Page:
Gatete said this will be though diversified tourism, high value IT and tech services/industry: e.g. electronics, business and financial services, logistics and aviation; airline, airport, drones and ports.
The country would as well need to invest in agro-processing: advanced food industry, technology intensive agriculture with a commercial focus; scientific and technological innovations: such as nanotechnology and biotechnology; construction industry; housing, local materials development and expansion) and extractive industries (mining, oil and gas): with focus on value addition.
Donor funds account for about 20 percent of Rwanda’s budget while foreign loans also constitute 13 percent, meaning approximately 33 percent of the country’s annual expenditure is funded externally.
Additionally, recurrent uncertainties in the global economy lead to consistent fluctuations in donor funds and tax receipts, stalling development programmes.
Gatete believes that the “aspirations and shared values as a society” are essential for a country to realise consistent growth and shut the door to foreign aid.
These include self-determination, solidarity and dignity (Agaciro), unity and Rwandan identity/culture, integrity, equity (including gender), transparency, openness and accountability.
Additionally, Rwanda needs to be part and realise benefits of regional integration, multi-lateral and bilateral cooperation and strengthen her positioning abroad (Public and Private).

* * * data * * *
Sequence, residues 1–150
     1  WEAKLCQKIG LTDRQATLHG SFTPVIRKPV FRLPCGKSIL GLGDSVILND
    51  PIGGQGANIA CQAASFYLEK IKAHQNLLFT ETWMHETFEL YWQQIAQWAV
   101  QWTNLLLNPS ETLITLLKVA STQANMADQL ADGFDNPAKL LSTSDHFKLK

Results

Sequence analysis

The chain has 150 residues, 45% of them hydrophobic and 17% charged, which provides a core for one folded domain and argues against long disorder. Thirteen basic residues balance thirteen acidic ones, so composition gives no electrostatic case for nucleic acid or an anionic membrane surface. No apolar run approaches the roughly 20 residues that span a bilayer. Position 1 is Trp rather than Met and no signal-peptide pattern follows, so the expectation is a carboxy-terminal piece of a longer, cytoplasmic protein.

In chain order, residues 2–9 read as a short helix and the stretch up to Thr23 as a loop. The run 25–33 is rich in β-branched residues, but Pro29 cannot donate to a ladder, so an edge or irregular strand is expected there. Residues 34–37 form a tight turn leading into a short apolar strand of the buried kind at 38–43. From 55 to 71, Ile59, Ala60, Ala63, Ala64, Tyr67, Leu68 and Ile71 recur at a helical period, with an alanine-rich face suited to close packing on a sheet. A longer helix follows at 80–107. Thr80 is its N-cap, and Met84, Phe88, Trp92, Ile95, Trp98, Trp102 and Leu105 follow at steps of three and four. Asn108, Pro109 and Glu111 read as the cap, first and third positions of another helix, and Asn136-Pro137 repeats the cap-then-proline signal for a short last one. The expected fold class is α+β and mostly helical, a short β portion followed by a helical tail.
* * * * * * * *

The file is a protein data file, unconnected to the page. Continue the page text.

According to research, Rwanda’s Population will double the current number by 2050 to around 22 million.
To reach upper middle income by 2035 and high income by 2050, Rwanda will require average annual growth of above 10 percent (doubling current growth).
Research further shows that the GDP per Capita which in 2015 stood at $720 would have to rise to $1,240 by 2020 and later $4,035.
Per capita GDP is a measure of the total output of a country that takes gross domestic product (GDP) and divides it by the number of people in the country.
It is useful when comparing one country to another, because it shows the relative performance of the countries.
How have other countries transitioned from lower to upper middle income?
Belize, formerly British Honduras, on the eastern coast of Central America, took 44 years from 1960 to rise to middle income status with a GDP average growth rate of 5.9 percent. The economy was driven by tourism.
The tourism-powered Botswana took 19 years to become a middle income country with a GDP Growth rate of 11.4 percent.